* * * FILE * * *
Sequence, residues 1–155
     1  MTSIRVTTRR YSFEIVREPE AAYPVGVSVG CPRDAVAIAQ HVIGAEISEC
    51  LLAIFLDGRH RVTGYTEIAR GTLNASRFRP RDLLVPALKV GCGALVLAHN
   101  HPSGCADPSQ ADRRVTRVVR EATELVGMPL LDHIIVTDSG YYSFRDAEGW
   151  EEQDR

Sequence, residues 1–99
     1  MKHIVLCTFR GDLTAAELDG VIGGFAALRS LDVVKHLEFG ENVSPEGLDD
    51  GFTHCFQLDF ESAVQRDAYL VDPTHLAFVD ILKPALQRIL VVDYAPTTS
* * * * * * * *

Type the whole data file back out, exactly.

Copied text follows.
Sequence, residues 1–155
     1  MTSIRVTTRR YSFEIVREPE AAYPVGVSVG CPRDAVAIAQ HVIGAEISEC
    51  LLAIFLDGRH RVTGYTEIAR GTLNASRFRP RDLLVPALKV GCGALVLAHN
   101  HPSGCADPSQ ADRRVTRVVR EATELVGMPL LDHIIVTDSG YYSFRDAEGW
   151  EEQDR

Sequence, residues 1–99
     1  MKHIVLCTFR GDLTAAELDG VIGGFAALRS LDVVKHLEFG ENVSPEGLDD
    51  GFTHCFQLDF ESAVQRDAYL VDPTHLAFVD ILKPALQRIL VVDYAPTTS